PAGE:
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I have a number of DOM elements being dynamically created on a web page. Their IDs are generated from an external list and sometimes these names may contain illegal characters for an ID like "@" or "&".

I need to remove chracters that do not match the following rules:

  • The string must begin with a letter
  • The first character may be followed by any number of letters, digits ([0-9]), hyphens ("-"), underscores ("_"), colons (":"), and periods (".")

So, if the original string is:

99% of People are not the 1%

Then the resulting string with illegal characters removed would be:

ofPeoplearenotthe1

Can anyone help me to write the regex in Javascript that will remove characters from a string that do not follow the above requirements?

  • 2
    You mean it should be ofPeoplearenotthe1? – Qtax Mar 9 '12 at 14:31
  • You're absolutely correct. I've updated the question. – user330366 Mar 9 '12 at 14:36
28
var str = "99% of People are not the 1%";
str = str.replace(/^[^a-z]+|[^\w:.-]+/gi, "");
  • 5
    Note that IDs must also be unique. If you're removing the illegal characters to comply with standards, you will also need to maintain a list of "used" IDs, so that you can avoid collisions. – Matt Mar 9 '12 at 14:35
  • hello...can you provide the C# version of this regular expression please...?? – umair.ali Jan 1 '13 at 7:19
  • 3
    @umair.ali, it would be pretty much the same, and could be quoted like so: @"(?i:^[^a-z]+|[^\w:.-]+)" – Qtax Jan 4 '13 at 18:07
  • 1
    This does not appear to removing periods from the ID? Not sure if this is invalid as per HTML spec; however it does prevent JQuery from accessing the element using the ID selector. I ended up using this str.replace(/^[^a-z]+|[^\w]+/gi, "") – JeffryHouser Jun 15 '17 at 13:49
  • 2
    The accepted answer uses the i flag when it is not really needed and may unnecessarily increase the regex run time. A more specific (and thus more efficient) regex would be: str = str.replace(/^[^a-zA-Z]+|[^\w:.-]+/g, ""); – Nadav Jul 25 '17 at 3:16
1
var id = "99% of People are not the 1%";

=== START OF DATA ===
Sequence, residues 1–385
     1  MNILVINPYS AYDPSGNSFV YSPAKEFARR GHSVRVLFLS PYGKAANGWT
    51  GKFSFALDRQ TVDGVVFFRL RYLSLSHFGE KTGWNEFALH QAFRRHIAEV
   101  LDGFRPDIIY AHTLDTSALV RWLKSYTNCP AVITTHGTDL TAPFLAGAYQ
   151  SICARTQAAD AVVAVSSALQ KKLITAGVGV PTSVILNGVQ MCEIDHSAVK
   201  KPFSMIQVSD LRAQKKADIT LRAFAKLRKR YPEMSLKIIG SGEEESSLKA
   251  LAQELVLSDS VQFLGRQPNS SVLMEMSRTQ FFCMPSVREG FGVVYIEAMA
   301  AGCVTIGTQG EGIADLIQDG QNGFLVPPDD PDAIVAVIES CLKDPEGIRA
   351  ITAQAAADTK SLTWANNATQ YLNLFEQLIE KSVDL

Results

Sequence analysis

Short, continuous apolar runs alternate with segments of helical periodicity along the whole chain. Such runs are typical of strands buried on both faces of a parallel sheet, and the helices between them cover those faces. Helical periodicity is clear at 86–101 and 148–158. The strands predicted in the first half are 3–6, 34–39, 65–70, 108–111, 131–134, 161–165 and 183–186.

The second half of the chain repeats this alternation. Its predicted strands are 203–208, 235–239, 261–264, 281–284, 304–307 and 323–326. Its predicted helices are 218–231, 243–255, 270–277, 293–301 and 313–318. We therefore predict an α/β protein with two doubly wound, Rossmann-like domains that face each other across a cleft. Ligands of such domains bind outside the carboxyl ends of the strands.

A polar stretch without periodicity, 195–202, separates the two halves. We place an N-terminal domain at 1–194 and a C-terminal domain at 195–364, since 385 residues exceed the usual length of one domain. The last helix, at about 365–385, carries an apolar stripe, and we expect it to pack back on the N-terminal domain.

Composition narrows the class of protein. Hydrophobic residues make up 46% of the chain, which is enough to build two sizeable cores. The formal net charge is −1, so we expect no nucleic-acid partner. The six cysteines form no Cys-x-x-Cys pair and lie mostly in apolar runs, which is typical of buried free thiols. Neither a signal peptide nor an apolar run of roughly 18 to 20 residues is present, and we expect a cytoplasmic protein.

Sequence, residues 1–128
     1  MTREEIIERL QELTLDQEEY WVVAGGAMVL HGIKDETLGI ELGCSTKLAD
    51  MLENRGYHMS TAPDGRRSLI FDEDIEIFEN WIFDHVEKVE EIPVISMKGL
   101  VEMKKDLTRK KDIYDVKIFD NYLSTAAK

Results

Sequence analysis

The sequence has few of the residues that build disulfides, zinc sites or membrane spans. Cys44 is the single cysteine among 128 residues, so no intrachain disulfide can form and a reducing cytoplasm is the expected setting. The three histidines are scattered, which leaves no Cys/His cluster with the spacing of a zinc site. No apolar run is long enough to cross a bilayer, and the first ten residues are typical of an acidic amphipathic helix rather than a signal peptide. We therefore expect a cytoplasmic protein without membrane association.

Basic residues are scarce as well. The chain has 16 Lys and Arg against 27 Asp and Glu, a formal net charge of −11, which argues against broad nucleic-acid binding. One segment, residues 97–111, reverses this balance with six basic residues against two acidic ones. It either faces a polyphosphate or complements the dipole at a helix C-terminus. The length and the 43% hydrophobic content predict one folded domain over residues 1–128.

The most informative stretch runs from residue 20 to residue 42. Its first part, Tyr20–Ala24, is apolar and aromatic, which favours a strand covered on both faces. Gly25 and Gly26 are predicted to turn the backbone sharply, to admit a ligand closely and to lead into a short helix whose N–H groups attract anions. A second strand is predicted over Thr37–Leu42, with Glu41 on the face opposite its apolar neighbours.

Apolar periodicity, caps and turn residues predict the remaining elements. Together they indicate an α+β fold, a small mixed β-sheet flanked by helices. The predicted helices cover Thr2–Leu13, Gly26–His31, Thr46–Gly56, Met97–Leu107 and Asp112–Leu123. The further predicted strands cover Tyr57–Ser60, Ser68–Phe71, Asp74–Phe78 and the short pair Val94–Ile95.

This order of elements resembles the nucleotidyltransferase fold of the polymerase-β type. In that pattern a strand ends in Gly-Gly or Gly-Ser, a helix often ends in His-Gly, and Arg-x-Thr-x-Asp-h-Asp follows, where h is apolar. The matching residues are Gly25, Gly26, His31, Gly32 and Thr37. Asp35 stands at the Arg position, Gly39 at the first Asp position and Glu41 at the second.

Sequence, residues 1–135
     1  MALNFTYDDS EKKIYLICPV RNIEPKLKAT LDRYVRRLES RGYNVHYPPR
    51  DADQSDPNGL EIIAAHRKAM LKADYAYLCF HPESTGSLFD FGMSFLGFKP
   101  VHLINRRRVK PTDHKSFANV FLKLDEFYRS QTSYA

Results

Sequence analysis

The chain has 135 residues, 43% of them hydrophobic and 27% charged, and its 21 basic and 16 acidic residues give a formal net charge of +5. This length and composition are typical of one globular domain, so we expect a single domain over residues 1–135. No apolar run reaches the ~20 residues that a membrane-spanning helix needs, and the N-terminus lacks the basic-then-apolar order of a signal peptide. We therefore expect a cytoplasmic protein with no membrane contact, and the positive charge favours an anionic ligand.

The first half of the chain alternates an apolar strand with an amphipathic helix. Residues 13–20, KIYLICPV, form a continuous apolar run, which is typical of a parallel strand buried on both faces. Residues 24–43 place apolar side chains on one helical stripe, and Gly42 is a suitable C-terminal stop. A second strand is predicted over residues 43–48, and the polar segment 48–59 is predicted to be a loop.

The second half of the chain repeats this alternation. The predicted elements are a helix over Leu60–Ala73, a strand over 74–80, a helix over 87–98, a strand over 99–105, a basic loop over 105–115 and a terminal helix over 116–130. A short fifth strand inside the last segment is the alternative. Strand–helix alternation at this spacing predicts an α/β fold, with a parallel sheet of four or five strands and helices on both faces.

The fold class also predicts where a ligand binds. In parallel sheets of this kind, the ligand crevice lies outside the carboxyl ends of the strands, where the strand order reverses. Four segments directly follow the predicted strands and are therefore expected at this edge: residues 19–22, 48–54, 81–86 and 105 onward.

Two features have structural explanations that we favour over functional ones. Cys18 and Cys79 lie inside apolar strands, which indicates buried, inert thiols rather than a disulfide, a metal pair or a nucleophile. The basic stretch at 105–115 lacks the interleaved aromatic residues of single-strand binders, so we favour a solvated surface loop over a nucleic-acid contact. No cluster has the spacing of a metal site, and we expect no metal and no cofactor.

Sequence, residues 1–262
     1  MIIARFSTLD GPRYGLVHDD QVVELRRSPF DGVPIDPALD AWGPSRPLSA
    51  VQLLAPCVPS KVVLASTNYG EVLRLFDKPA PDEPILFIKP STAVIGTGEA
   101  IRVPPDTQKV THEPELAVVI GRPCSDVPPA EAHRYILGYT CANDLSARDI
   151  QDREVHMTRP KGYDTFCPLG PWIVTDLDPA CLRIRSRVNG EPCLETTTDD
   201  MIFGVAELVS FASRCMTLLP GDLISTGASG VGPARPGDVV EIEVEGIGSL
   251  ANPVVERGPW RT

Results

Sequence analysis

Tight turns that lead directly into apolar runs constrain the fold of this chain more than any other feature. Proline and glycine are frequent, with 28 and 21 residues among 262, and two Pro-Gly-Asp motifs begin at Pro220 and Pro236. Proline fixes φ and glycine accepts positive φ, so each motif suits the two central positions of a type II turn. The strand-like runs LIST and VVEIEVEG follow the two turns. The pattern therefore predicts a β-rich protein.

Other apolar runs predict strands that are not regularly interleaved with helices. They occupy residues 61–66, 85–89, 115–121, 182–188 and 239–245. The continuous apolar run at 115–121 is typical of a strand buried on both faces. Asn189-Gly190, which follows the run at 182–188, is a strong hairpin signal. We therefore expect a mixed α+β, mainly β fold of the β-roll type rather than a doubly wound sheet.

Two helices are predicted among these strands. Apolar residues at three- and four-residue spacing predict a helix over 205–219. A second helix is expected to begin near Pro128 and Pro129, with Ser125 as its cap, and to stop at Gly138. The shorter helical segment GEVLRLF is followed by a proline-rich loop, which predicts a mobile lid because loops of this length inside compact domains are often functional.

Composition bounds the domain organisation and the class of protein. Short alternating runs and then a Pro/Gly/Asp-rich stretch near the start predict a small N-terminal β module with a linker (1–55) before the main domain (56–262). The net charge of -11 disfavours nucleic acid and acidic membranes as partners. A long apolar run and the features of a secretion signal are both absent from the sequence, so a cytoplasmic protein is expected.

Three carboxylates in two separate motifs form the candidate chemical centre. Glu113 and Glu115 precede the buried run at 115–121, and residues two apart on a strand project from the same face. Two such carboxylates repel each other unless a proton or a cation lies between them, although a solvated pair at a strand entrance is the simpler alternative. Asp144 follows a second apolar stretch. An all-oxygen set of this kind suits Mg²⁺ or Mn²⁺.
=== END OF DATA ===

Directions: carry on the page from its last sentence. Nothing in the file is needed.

id = id.replace(/[^a-z0-9\-_:\.]|^[^a-z]+/gi, "");

Demo: http://jsfiddle.net/jfriend00/qqjh6/

The idea is to replace one or more non alpha characters at the beginning and then replace all other illegal characters in the remaining part of the string.

One might ask what is the point of even having an id that is not known ahead of time and is dynamically generated based on content. You can't very well use it in CSS if it's based on some content that can change.

  • This will output "9ofPeoplearenotthe1", IDs can't start with a number. – Rocket Hazmat Mar 9 '12 at 14:34
  • @Rocket - you are too quick. It was already edited to correct that even before you posted your comment. – jfriend00 Mar 9 '12 at 14:36
  • I am really quick today, probably got something to do with all the caffeine. – Rocket Hazmat Mar 9 '12 at 14:37
  • hello...can you provide the C# version of this regular expression please...??? – umair.ali Jan 1 '13 at 6:18
  • @umair.ali - sorry, don't know c# – jfriend00 Jan 1 '13 at 19:37
1

If anybody need this in Java:

    if(! htmlId.matches("^[A-Za-z0-9]+[\\w\\-\\:\\.]*$")){
        LOG.warn("html id "+htmlId+" is not valid, have to remove all invalid chars");

        htmlId = htmlId.replaceAll("[^^A-Za-z0-9\\w\\-\\:\\.]+", "");
    }

In my case I checked the String and replaced all invalid with blank. Thanks to Qtax.

1

The HTML5 specification has been updated and according to https://html.spec.whatwg.org/multipage/dom.html#global-attributes id attributes can now contain literally any character for their value except whitespace.

When specified on HTML elements, the id attribute value must be unique amongst all the IDs in the element's tree and must contain at least one character. The value must not contain any ASCII whitespace.

I'm not sure at which point elements could be assigned two id attributes nor what logical objective reasoning for it (perhaps the less matured comprehension at the time) though that has been nixed from the standard however that has been common knowledge in the web development community for years now.

  • I think the "uniqueness" mentioned in the spec is not about a possible assignment of two IDs to one element. But the requirement of the ID to be unique within the DOM tree. So that it can serve it's main purpose: helping with identifying and referencing elements. In most cases classes would be enough for that (and are mostly more flexible). But one example where IDs are still needed is when connecting form field inputs with labels via the label's "for" attribute: <input id="myUniqueId" /><label for="myUniqueId" /> – mwld May 5 '17 at 9:48
0

If you want something that is resistant to conflicts, try using btoa to convert into base64;

var badId1 = "99% of the 1%";
var badId2 = "999% of the 1%";
var validId1 = "ID_OTklIG9mIHRoZSAxJQ";
var validId2 = "ID_OTk5JSBvZiB0aGUgMS";

var makeId = function(text) { return "ID_" + btoa(text).slice(0,-2); };

expect(makeId(badId1)).toEqual(validId1);
expect(makeId(badId2)).toEqual(validId2);

Notice how the two IDS generate different keys, where the regex trim would not.

0

As John mentioned the HTML5 spec allows all characters for IDs except whitespaces.

That means the following RegEx (in JavaScript) would be enough to follow the HTML5 spec:

let str = "99% of People are not the 1%";
str = str.replace(/\s+/g, "");
// "99%ofPeoplearenotthe1%"

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